Power up

Petrol mowers and power tools might be convenient, but they’re not always the most environmentally friendly, and with fuel costs at an all time high, it could be worth switching to something more sustainable. According to the RHS, if just 21% of UK gardeners who use power tools switched from fossil fuel to green energy electric-powered tools, it would save enough carbon equivalent to drive around the planet 29,820 times. Or, if your energy bills are also higher than usual this year, perhaps it’s time to go back to basics with some manual tools?

Stay local

Planting flowers, trees and plants in your garden that are native to your local area or to the UK is an easy way to be sustainable. No importing from overseas means you’re helping to cut back on greenhouse gas emissions. Not only that, but by planting native species, you’ll encourage more wildlife to visit, such as bees and other pollinating insects.

The Greenhouse Effect


With the cost of living rising and more people turning to growing their own fruit and vegetables, it’s probably no surprise that greenhouse popularity has grown. These garden structures provide much more than somewhere to escape - they open up a wealth of possibilities and the opportunity to grow fruits, vegetables and flowers that would otherwise struggle in our temperamental British weather.

Here’s everything you need to know about greenhouse gardening…

Why should I consider a greenhouse for my garden?

To be honest, it would probably be easier for us to list the reasons not to get a greenhouse, because the positives to getting one are many.

For one, having a greenhouse gives you the opportunity to grow plants, flowers, fruits and vegetables that wouldn’t survive in your typical English garden. By being able to control the climate and the soil, you have the opportunity to grow all manner of tropical and exotic species.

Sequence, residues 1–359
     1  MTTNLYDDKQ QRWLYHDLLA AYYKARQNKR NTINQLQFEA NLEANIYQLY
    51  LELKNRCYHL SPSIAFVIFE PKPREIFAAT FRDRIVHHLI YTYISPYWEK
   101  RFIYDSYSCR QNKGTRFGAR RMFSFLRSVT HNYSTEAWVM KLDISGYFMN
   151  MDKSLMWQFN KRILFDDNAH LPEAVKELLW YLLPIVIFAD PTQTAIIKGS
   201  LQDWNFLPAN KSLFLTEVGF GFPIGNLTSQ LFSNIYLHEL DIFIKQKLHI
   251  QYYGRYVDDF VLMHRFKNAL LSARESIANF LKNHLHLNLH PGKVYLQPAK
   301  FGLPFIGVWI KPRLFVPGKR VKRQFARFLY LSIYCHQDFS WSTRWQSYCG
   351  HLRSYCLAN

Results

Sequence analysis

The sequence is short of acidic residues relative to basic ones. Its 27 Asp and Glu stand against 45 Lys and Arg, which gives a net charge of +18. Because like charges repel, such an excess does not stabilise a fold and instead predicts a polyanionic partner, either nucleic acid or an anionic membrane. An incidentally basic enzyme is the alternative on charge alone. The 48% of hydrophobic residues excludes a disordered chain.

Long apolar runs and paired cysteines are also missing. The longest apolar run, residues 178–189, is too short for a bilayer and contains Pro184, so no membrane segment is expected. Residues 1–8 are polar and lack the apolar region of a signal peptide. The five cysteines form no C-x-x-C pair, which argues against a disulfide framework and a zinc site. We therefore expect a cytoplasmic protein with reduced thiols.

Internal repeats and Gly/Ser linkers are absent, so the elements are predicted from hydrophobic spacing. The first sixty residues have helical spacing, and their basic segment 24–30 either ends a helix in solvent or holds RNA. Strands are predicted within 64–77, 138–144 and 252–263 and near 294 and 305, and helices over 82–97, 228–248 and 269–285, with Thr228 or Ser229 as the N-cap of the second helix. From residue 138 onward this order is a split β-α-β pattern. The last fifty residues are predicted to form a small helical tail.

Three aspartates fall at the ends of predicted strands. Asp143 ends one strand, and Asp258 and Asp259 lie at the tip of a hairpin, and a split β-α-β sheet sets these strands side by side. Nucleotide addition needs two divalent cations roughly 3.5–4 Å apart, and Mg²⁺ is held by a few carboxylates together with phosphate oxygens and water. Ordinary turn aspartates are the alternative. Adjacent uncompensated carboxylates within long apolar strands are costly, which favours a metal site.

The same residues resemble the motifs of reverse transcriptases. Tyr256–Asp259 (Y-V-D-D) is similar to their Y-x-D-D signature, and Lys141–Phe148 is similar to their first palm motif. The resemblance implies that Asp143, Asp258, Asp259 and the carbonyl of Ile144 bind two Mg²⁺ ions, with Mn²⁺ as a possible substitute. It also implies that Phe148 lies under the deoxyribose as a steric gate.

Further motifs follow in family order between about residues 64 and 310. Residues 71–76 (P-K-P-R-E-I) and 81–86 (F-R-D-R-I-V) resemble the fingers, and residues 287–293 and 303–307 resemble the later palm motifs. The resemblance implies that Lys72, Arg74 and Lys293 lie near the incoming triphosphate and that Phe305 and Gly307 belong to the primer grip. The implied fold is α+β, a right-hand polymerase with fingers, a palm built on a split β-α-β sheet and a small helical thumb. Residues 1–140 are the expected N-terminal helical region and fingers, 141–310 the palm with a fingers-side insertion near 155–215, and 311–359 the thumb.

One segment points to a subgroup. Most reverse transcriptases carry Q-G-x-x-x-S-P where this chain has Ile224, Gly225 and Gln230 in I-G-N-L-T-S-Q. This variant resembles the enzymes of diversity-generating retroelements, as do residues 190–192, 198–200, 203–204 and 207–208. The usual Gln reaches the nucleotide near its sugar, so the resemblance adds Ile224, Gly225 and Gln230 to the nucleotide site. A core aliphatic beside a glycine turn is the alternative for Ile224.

Secondly, a greenhouse offers protection to your plants, especially in winter when cold weather can kill off some of the more fragile plants.

Pest prevention is another factor to consider - a benefit of a greenhouse is it offers a place where you can keep the crops you’ve worked so hard to grow away from pesky garden visitors who might have other plans for them.

For keen gardeners who struggle to garden in the colder months (who doesn’t?) a greenhouse offers additional warmth for both you and the plants, and gives you the chance to grow all year round rather than being ruled by the seasons. It’s also often possible to get a headstart on growing your spring plants by seeding them earlier in a greenhouse.

What’s the best greenhouse to go for?

There are several types of greenhouse, and the best depends on your budget, needs and style preferences.

A wooden greenhouse is the more traditional choice and is what many greenhouses were historically made from. The wood acts as a great insulator, helping to keep the greenhouse warm in the winter and cooler in the summer. However, these greenhouses are usually the pricier choice compared with aluminum framed structures.